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The “original” inhabitants of Britain

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1 The “original” inhabitants of Britain
The Celts The “original” inhabitants of Britain

2 Who were the Celts? The Celts were the inhabitants of Britain long, long ago. They were there when Julius Caesar brought Roman troops to England in 55B.C.

3 Why do scholars think that the Welsh language survived the Anglo-Saxon invasion?
1. Wales (where a group of Celts fled) is separated from England by mountains, so the geographical separation helped. 2. The Bible was translated into Welsh in 1588 and we know that when a language is written down, it is more likely to survive.

4 What is Breton? How are Breton and Welsh related?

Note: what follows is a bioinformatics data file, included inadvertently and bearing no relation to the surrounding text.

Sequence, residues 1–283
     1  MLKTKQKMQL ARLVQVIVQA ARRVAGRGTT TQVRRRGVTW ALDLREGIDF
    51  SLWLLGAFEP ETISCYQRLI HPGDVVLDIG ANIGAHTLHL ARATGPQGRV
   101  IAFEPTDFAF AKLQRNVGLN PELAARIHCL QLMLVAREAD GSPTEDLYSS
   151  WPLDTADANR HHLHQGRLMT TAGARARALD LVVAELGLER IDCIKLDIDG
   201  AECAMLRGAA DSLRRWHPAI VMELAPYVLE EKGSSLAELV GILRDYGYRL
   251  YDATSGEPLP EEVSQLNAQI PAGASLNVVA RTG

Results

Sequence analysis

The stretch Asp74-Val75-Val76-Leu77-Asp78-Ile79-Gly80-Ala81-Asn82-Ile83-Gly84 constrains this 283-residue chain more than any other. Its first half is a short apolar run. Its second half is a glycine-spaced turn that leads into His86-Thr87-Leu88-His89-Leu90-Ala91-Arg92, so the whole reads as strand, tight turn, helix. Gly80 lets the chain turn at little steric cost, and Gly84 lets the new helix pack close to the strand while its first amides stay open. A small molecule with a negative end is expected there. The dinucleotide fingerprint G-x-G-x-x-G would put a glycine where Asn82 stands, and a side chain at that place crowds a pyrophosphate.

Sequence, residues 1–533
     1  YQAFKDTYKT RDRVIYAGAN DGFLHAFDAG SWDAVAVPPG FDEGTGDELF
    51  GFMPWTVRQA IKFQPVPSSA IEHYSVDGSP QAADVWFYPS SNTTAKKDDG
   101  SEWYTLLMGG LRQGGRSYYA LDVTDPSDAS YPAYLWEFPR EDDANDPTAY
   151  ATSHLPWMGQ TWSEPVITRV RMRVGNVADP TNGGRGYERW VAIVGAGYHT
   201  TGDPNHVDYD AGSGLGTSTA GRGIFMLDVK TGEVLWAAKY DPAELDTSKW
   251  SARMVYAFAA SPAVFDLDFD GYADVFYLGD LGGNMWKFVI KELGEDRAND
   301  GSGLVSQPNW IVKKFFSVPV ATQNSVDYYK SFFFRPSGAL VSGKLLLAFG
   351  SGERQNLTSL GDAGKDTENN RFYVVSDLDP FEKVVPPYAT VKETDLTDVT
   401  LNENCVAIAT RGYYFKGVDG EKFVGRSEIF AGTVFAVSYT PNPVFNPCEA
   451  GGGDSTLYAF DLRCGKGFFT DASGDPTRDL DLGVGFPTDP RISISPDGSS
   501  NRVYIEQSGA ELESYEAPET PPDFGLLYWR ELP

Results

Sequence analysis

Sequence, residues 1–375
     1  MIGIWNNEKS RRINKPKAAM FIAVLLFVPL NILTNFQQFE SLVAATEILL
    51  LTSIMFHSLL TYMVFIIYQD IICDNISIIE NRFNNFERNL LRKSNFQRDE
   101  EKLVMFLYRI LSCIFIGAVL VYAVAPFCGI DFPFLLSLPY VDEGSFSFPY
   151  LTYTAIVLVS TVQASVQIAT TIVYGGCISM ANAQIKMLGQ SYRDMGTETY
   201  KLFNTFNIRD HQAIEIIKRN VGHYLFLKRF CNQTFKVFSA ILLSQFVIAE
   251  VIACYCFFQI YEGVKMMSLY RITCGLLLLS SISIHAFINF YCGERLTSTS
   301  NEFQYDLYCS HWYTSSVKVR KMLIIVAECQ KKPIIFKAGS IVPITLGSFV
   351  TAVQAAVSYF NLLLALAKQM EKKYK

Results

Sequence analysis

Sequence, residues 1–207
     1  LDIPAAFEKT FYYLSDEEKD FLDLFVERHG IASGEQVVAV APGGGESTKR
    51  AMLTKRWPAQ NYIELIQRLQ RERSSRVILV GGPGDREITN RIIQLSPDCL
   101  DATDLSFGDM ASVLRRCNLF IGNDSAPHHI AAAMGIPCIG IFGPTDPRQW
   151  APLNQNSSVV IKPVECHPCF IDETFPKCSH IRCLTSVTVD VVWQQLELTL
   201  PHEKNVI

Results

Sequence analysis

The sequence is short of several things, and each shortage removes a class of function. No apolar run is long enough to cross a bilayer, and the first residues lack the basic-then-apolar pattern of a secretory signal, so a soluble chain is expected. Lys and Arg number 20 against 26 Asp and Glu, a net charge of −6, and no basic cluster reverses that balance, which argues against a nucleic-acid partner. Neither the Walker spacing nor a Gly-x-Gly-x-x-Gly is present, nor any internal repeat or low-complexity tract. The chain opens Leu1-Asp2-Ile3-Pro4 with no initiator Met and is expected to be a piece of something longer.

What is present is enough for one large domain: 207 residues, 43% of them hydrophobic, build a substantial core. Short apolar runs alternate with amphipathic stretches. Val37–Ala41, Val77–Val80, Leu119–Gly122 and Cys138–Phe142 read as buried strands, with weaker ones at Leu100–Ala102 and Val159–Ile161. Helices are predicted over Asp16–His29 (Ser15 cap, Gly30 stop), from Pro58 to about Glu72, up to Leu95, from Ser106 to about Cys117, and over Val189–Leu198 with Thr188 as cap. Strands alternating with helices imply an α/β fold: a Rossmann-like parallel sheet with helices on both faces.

Breton is a language spoken in Brittany in France. Welsh is the language of Wales. The languges are so similar that speakers of one can communicate with speakers of the other. Let’s look at a map…

5 Map of Celtic Europe Distribution of Celtic peoples: Yellow--core Hallstatt territory, by the 6th century BC Dark mint--maximal Celtic expansion, by 275 BC Grass green--the six Celtic nations which retained significant numbers of Celtic speakers into the Early Modern period Forest green-- areas where Celtic languages remain widely spoken today

6 Don’t worry! If you don’t know European geography very well, we’ll go over some of the basics now.
Germany Denmark Friesland France Brittany Normandy Wales England Ireland (The Republic of Ireland) Northern Ireland Scotland

7 What is interesting about the Frisian language?
It is probably what English would sound like today if there had not been any more invasions after the Anglo-Saxons. Here are some examples: cow=ko dung=dong lamb=lam rain=rein goose=goes boat=boat

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